Small farmers are finally on the resurgence in Mississippi. In order to foster their success so we can continue to access healthy food, our regulations need to be updated to reflect this change. They simply haven’t been addressed because there were no small poultry producers in the state. We now have dozens of young farmers coming into the market.

The Mississippi Department of Agriculture wants to support small farmers. They simply haven’t had it brought to the table up until now. After long emails and discussions with them, they encouraged us to create a petition that would show them where public will fell on this issue. They want to hear from us. While the regulations they have dealt with in the past were designed to keep people safe in the face of super-large poultry operations, they also want to know how to create realistic and safe regulations for small farmers.

Here is how you help.

1.    We need an individual present at EVERY farmers market in the state this week, beginning May 17th collecting electronic signatures. All you have to say is, “Do you think farmers markets should be allowed to sell chicken? Let the MS Dept of Ag know!” If you are interested in being one of these coordinators, please let me know.alison.buehler@ggsim.org

I already have covered: 2 Oxford Markets, Starkville, Brookhaven, Jackson, Hernando, and Meridian

2.    Sign up for our 20 Calls for 20 Days campaign to tell 5 people at the MS Department of Agriculture Thank You for aligning our regulations on small poultry producers with the surrounding states. Thank You for supporting small farmers. We appreciate you efforts to increase our access to fresh, local foods. If you sign up, get your spouse to sign up. You will receive a script and a reminder email the day before you make your calls. We need to fill this asap because calls begin the day the petition is delivered.  http://www.signupgenius.com/go/10C0844ADA829A75-mississippi

3.    Sign the petition. Get your spouse, your mother and father, you kids over 18 to sign it. Share it with your churches, your co-ops, your organizations. We have one week to get as many signatures as possible. Our lawyer is drafting this today. It will be on the FB page tomorrow to start sharing.

This is doable! Don’t sit back and wait for someone else to make this happen for you. Don’t lament that other state have better food options. Make this a reality here!

Me again: If you truly are concerned about promoting local food, take action. This is a simple way to do it!

 Jim PathFinder Ewing is a journalist, author, and former organic farmer now teaching natural, sustainable and organic agricultural practices. His latest book titled Conscious Food: Sustainable Growing, Spiritual Eating (Findhorn Press) is in bookstores now. Find Jim on Facebook, follow him @EdiblePrayers or @OrganicWriter or visit blueskywaters.com.

Growing Organic – and Vegan – Tomatoes

 

I’ve been out of town during a lot of April, so I didn’t get my garden in as early as I normally would (usually the week after Easter). But, given the crazy weather – from frost to tornadoes and torrential rains – maybe that’s not a bad thing.

Annette, my ex wife who lives in North Carolina, planted early and got hit by the frost.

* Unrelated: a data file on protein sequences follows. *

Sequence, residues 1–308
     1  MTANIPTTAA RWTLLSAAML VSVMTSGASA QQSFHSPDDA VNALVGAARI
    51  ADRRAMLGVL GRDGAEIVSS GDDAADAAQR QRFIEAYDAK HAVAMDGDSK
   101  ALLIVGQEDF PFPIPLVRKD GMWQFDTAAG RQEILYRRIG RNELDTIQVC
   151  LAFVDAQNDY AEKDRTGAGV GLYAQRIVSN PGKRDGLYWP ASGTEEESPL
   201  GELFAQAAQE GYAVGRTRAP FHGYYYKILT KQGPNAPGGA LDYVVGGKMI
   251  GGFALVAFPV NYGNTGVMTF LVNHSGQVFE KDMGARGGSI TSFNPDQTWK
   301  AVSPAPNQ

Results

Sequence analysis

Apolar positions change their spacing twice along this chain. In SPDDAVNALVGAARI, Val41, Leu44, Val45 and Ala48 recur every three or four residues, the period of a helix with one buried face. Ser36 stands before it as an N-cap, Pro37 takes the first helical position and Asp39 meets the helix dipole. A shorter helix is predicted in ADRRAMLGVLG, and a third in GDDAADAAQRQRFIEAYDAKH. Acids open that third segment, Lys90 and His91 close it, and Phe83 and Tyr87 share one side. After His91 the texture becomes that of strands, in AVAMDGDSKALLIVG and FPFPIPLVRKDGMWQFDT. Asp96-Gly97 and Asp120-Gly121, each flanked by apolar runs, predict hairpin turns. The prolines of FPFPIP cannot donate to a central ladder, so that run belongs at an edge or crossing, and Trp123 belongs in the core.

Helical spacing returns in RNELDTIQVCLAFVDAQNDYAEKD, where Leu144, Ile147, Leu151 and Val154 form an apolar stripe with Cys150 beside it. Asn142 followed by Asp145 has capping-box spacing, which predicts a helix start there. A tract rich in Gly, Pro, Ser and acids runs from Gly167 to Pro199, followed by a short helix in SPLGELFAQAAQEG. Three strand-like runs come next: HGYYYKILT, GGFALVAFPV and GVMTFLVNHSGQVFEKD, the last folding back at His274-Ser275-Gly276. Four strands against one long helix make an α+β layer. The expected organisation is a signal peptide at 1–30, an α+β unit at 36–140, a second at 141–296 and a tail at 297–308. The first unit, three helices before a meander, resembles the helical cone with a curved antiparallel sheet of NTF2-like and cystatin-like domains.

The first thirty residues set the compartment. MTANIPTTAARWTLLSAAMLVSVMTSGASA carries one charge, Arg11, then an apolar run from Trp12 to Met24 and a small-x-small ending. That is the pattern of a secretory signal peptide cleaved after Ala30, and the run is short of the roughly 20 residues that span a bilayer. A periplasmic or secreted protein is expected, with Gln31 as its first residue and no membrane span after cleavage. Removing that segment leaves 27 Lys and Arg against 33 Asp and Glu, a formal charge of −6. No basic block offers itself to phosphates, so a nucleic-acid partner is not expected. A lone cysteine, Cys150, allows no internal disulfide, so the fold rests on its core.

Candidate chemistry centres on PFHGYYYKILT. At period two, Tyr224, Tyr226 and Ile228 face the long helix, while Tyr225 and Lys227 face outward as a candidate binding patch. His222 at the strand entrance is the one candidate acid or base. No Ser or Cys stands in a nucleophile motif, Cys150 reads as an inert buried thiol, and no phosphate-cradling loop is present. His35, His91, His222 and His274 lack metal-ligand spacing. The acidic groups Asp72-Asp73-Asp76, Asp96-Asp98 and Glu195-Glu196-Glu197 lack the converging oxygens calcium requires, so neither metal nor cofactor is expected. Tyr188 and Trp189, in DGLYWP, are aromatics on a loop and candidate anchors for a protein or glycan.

Here’s a little garden update.

I'm not unhappy about the wild white clover growing in my backyard. In fact, I'm happy for the bees! It's like a little nature preserve. (Photo: Jim Ewing, ShooFlyFarmBlog)

I’m not unhappy about the wild white clover growing in my backyard. In fact, I’m happy for the bees! It’s like a little nature preserve. (Photo: Jim Ewing, ShooFlyFarmBlog)

As you can see, the wild white clover is running amok in the back yard; but I’m not concerned about it. In fact, I’ve been happy for the bees! (Next, I’ll add supers to the hives on the right.) Sadly, I’ve had to mow the clover in the front yard, so the house will look nice from the street (don’t want anybody to complain!). But the backyard looks like a little nature preserve, somewhat. 🙂

Earlier, I had planted red clover in the plot. You can see how it has started to take root. If you were standing there, you would also see bare spots where pooling from heavy rains pushed some of the seeds together. I came back over it today, seeding the bare spots. I didn’t use the seeder; but sowed by hand.

This is not meant to be a pretty garden. The major goal of this garden is to put nitrogen in the soil so I can plant greens in fall; adding tomato plants is a lagniappe.

Also, notice the mulch paper. I prefer paper over plastic, as plastic is not good for the environment and has to be removed and thrown away. In the past, when I was farming and had big fields, I used WeedGuardPlus, which can be bought in long rolls for open fields. It’s 100 percent biodegradable. I recommend it because I’ve used it and I know it works; I’m not paid anything to endorse it. (Read more: https://www.weedguardplus.com)

This time, because I’m only using a few feet in a small garden, I’m using another paper mulch: Planters Planter. It does the same thing; it’s available from http://www.groworganic.com

With either product, at the end of the season, just till it under and it will biodegrade. I also on this garden put bricks to hold it down, just because I had a lot of them. Normally, you would cover the edges with soil. I put this down a few weeks ago when I put down compost and planted the clover. When it was put down, it was darker; but the sun has lightened it.

Today, we’ll focus on growing tomatoes.

To plant, dip you started tomato plant into a root starter or planting mix. You can buy starters or mix your own, including vegan recipes. (Photo: Jim Ewing, ShooFlyFarmBlog)